Effects of aging on beauty and societies views on growing older.

Essay by eaprokesCollege, UndergraduateA+, April 2003

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Aging Beautifully in America

Body image in the United States is associated with attractiveness. "Fueled by the hugely profitable cosmetic, weight-loss, and fashion industries, the beauty myth's glamorized notions of the ideal body reverberate back upon women as 'a dark vein of self hatred, physical obsessions, terror of aging, and dread of lost control'" according to Naomi Wolf (Schiebinger 2002:397). Many of the ideals are unrealistic for some people and attained artificially through drugs and elective surgeries by others. As America's culture has become more and more sexually driven, the need to look young, thin, and beautiful has become an overwhelming part of daily life. Above all else in the desire to become beautiful, the main goal is to achieve eternal youth. From movies, to television, to magazines, the media is constantly filling the minds of Americans of all ages with images of eternal youth and sex. In this quest for eternal youth, Americans have been doing everything possible to maintain a slender, fit body; wrinkleless, blemish-free skin; perky breasts (females); and a full, non-grey head of hair.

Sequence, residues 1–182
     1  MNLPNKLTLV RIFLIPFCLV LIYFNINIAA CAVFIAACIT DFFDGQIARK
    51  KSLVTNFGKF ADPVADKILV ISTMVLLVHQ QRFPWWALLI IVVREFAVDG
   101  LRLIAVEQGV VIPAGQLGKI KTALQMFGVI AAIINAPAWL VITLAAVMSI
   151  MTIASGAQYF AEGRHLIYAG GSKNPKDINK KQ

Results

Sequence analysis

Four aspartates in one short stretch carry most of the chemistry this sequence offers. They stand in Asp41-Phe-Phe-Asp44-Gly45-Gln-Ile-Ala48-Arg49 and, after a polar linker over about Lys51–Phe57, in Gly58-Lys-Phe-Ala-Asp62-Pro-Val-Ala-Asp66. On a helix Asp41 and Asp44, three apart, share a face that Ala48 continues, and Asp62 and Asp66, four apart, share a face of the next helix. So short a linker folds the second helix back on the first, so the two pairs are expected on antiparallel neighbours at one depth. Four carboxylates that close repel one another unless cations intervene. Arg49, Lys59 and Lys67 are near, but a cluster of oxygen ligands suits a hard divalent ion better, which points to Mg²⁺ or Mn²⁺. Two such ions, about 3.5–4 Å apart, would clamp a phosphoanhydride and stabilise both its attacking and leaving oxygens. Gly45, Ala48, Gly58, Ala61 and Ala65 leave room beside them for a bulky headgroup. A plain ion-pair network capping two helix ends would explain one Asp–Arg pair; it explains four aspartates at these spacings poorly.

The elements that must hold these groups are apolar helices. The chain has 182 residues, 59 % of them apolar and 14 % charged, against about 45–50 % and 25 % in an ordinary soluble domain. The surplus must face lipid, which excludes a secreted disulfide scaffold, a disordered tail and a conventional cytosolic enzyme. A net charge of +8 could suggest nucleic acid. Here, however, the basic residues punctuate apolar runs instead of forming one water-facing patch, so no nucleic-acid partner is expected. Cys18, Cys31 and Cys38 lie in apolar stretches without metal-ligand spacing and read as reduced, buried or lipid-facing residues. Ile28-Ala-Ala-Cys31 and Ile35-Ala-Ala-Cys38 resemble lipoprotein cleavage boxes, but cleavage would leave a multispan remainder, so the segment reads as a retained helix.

Though some of these ideals, such as being in shape and looking your best, promote positive societal goals, others such as becoming anorexicly thin and undergoing risky elective surgeries to look "perfect" encourage destructive behavior. This paper will seek the potential advantages and disadvantages of America's youth focused society while paying particular attention to body image ideals.

While America's youth obsession tends to be most apparent in women, it transcends people of all genders, races, and religions. Since the feminist movement, young girls have grown up being taught that true beauty comes from within and that they are more than just sex objects for men to ogle. The media, cosmetic companies, and plastic surgeons, however do not seem to hold this same...